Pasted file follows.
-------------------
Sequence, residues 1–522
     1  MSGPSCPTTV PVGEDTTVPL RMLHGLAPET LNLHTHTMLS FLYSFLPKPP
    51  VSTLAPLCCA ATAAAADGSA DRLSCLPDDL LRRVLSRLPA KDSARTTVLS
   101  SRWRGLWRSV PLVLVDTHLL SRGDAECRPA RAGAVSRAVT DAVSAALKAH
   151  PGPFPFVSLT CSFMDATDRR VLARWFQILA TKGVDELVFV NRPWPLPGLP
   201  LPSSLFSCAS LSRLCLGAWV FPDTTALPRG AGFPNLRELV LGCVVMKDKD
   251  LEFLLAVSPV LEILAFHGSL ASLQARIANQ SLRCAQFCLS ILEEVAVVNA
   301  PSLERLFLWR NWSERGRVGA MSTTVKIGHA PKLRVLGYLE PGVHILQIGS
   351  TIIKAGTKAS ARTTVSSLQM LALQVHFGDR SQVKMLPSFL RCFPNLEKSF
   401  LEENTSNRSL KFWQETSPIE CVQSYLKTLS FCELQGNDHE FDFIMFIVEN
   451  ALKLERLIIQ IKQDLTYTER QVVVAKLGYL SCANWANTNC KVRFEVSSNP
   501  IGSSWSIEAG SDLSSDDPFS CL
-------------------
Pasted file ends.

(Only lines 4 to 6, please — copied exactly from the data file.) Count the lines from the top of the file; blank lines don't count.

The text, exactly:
   101  SRWRGLWRSV PLVLVDTHLL SRGDAECRPA RAGAVSRAVT DAVSAALKAH
   151  PGPFPFVSLT CSFMDATDRR VLARWFQILA TKGVDELVFV NRPWPLPGLP
   201  LPSSLFSCAS LSRLCLGAWV FPDTTALPRG AGFPNLRELV LGCVVMKDKD